When a colossal tectonic shift causes the sea level to start rising, a microbiologist gathers the DNA of as many species as she can, while the military creates an "ark" in a desperate attempt to preserve life on Earth.
On a flight from Los Angeles to New York, Oliver and Emily make a connection, only to decide that they are poorly suited to be together. Over the next seven years, however, they are ... See full summary »
Nicole broke up with Matt months ago and is now engaged to someone else. He's very good-looking and has no trouble finding other lovers, but that doesn't help because he's still obsessed with wanting her back. Then he gets the inspiration that swearing off sex for Lent (all forms of sexual activity, even kissing or masturbation) will give him the perspective he needs. So of course a few days later he meets a woman and they fall in love. Now Matt sees his vow as a personal matter, and won't even tell her about it, but his friends think otherwise, and now the complications begin... Written by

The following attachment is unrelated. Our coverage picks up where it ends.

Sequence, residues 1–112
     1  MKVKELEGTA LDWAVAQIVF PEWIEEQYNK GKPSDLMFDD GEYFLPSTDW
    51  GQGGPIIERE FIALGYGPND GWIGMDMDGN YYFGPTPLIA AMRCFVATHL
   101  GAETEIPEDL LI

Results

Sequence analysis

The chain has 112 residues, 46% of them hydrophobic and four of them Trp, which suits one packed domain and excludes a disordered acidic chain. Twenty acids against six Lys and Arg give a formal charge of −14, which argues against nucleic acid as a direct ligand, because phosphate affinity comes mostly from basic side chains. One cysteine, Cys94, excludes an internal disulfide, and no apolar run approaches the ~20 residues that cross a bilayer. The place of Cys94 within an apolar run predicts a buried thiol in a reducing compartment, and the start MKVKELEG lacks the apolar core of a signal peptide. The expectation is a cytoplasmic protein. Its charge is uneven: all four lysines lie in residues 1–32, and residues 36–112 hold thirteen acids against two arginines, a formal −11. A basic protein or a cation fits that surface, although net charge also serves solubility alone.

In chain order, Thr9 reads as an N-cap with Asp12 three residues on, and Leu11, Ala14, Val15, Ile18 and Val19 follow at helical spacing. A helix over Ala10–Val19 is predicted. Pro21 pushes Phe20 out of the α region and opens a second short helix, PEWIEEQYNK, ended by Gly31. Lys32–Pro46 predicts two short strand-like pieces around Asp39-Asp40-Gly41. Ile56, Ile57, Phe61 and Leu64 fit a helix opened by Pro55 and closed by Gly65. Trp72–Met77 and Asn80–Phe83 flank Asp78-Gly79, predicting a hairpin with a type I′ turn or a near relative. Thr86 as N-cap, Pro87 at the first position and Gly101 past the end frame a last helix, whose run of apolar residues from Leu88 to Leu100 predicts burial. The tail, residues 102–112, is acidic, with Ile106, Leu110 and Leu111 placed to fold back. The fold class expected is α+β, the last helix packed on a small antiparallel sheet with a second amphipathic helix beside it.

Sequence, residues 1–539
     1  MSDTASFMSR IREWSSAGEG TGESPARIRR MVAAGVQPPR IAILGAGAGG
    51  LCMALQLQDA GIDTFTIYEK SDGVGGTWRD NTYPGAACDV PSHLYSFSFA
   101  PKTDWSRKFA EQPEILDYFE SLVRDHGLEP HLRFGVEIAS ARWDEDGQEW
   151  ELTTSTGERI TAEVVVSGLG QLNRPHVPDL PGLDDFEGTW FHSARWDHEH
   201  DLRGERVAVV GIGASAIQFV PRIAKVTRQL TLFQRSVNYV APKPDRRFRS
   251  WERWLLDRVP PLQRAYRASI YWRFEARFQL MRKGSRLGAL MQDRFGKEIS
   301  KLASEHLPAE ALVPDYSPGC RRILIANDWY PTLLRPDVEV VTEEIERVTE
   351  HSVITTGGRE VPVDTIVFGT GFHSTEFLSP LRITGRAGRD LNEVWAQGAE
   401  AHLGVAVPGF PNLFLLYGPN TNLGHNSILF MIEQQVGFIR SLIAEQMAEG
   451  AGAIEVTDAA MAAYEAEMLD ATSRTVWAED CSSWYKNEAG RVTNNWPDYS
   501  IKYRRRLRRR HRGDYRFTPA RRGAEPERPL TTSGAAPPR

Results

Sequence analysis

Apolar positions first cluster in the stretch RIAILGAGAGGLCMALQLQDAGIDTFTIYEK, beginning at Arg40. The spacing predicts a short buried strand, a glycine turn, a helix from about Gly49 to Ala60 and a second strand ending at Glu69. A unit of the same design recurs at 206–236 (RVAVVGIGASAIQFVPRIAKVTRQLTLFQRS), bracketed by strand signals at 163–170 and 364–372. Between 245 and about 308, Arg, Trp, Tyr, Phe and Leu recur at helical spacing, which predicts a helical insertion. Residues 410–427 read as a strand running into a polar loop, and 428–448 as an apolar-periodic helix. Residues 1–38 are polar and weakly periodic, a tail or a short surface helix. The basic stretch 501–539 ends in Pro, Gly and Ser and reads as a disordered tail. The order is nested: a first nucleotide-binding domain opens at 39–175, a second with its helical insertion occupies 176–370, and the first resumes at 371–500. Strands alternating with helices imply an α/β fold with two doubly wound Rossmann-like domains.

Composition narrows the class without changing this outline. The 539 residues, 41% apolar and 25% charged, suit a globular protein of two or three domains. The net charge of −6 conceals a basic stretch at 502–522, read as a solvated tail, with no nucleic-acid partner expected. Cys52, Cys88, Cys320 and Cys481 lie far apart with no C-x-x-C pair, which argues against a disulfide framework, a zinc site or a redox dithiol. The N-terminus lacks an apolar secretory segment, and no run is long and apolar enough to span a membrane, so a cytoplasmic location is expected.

I give Hartnett credit. Not only did he win the heart of my mother in PEARL HARBOR but he also showed he also has the cojones to play a role such as the one of Matt in 40 DAYS. Funny enough, the first two-thirds of the movie is not funny at all, and goes through the motions of just about every other sitcom on television. And when the final third of the movie comes around, everything just becomes overly ludicrous.
Matt is tired of his empty, sex-filled life. For Lent, he vows off of sex, just in time to meet the perfect girl of course.
At one time, Toronto was rated the second least romantic city of the world (Warsaw beat us, those darn Polish!), so living in a city where I see my friends and I working hard enough as it is to pay rent and keep our bellies full of food and beer (eh), sex is hardly a factor in a city where you are working too hard to think about it or you are having too much of it. Simply, I do not see the big deal about losing 40 days and nights of no sex. So the entire joke is wasted on me and the satire of the fact was not funny at all. But I give credit for Hartnett and the gusto of most of the actors involved. Hardly a step up for anyone but nothing detrimental.
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